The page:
Militarizing the American Criminal Justice System

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  • Format: Paperback
  • Copyright: 2001-10-11
  • Publisher: Northeastern Univ Pr
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Controlling threats to national security has long been the mission of the U.S. military, while civilian law enforcement has dealt with domestic problems of crime, illegal drugs, and internal disorder. This groundbreaking collection argues persuasively that the conventional distinctions between these two forces are becoming blurred and considers the far-reaching consequences of the disquieting trend to militarize the nation's criminal justice system. The contributors examine the historical and current interrelationships between the military and police, illuminating such areas as the ideological similarities between waging "real wars" and fighting the wars on drugs and crime, the reshaping of the military's role after the end of the Cold War, the rapidly growing influence of advanced military technology in civilian society, and the adaptation of military models such as boot camps and SWAT teams in policing and corrections.

Author Biography

Peter B. Kraska is Professor of Criminal Justice at Eastern Kentucky University. He is the author of Altered States of Mind: Critical Observations of the Drug War and Drugs, Crimes, and Justice. He lives in Lancaster, Kentucky.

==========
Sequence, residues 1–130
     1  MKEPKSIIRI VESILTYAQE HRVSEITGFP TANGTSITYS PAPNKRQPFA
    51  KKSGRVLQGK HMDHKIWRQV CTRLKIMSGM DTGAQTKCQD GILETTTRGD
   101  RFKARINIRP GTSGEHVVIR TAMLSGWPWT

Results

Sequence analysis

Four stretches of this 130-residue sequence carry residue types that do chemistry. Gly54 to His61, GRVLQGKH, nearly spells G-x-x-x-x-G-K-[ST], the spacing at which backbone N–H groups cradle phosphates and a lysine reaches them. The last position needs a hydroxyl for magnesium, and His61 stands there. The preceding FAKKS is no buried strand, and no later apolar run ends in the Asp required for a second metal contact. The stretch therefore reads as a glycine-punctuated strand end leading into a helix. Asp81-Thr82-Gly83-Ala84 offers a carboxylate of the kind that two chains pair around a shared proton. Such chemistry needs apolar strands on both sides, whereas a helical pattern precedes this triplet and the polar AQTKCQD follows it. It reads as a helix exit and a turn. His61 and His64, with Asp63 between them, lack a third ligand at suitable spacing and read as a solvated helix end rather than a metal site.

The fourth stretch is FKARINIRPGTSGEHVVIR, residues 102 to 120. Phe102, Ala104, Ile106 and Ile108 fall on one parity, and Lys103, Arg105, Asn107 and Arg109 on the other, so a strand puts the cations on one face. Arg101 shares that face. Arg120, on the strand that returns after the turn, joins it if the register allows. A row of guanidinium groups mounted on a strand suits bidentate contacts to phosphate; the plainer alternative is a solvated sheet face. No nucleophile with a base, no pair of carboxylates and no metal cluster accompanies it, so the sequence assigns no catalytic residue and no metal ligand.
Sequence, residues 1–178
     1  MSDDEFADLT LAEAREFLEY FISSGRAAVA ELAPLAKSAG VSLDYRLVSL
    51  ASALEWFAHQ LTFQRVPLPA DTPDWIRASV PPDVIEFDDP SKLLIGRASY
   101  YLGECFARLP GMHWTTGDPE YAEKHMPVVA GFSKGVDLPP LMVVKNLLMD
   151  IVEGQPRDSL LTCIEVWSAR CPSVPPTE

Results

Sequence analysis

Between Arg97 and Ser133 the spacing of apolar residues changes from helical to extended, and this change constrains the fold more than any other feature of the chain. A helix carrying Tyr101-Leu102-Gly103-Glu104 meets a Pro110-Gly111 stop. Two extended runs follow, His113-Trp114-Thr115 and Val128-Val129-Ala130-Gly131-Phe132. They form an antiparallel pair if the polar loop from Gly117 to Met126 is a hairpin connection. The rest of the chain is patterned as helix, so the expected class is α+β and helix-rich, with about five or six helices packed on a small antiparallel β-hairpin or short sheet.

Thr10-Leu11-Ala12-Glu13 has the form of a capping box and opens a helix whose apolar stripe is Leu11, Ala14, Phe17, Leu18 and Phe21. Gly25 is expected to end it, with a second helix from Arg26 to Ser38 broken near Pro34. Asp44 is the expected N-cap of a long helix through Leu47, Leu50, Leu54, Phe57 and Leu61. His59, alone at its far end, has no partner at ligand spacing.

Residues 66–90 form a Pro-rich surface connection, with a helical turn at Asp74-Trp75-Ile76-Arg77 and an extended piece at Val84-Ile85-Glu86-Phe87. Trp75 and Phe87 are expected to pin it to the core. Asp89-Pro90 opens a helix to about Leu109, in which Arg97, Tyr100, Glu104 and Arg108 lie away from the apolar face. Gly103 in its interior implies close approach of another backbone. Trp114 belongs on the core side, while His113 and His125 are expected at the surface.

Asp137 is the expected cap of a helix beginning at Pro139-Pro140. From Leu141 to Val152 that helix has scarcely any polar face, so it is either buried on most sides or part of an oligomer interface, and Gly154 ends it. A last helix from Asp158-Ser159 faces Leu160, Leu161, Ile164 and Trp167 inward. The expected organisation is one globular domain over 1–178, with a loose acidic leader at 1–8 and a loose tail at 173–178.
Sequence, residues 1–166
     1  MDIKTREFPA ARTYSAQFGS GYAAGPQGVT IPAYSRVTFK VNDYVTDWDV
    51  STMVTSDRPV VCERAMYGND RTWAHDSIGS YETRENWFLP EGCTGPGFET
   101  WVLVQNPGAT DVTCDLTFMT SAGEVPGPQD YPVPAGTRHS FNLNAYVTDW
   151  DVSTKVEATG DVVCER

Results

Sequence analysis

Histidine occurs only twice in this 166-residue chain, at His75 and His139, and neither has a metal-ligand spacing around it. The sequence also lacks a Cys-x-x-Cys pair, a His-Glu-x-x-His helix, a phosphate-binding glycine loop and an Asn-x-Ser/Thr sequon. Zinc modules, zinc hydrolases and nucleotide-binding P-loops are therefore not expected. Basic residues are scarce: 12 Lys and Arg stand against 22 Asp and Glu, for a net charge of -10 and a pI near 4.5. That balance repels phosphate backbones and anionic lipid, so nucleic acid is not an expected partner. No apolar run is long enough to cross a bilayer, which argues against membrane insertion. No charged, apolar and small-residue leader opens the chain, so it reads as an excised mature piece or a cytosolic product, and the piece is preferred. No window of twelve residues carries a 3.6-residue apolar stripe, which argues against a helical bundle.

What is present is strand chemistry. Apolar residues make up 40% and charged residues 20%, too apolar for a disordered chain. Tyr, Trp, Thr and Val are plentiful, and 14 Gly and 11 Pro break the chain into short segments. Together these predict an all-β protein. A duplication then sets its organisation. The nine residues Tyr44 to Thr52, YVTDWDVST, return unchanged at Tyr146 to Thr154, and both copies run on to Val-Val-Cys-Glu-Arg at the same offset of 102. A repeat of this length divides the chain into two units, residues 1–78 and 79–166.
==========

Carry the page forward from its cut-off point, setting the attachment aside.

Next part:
Table of Contents

Preface vii
I Militarized Crime Control in America
The Military-Criminal Justice Blur: An Introduction
Peter B. Kraska
Crime Control as Warfare: Language Matters
Peter B. Kraska
II The Military-Police Blur
The Thick Green Line: The Growing Involvement of Military Forces in Domestic Law Enforcement
Colonel Charles J. Dunlap Jr.
The Military Technostructures of Policing
Kevin D. Haggerty
Richard V. Ericson
Waging War on Immigrants at the U.S.-Mexico Border: Human Rights Implications
Timothy J. Dunn
Community Policing in Battle Garb: A Paradox or Coherent Strategy?
Matthew T. DeMichele
Peter B. Kraska
III Militarism Comes Home: Punishment, Feminism, and Popular Culture
Sacrificing Private Ryan: The Military Model and the New Penology
Jonathan Simon
Militarism, Feminism, and Criminal Justice: Challenging Institutionalized Ideologies
Susan L. Caulfield
Playing War: Masculinity, Militarism, and Their Real-World Consequences
Peter B. Kraska
Epilogue: Lessons Learned
Peter B. Kraska
Contributors 165(4)
Index 169

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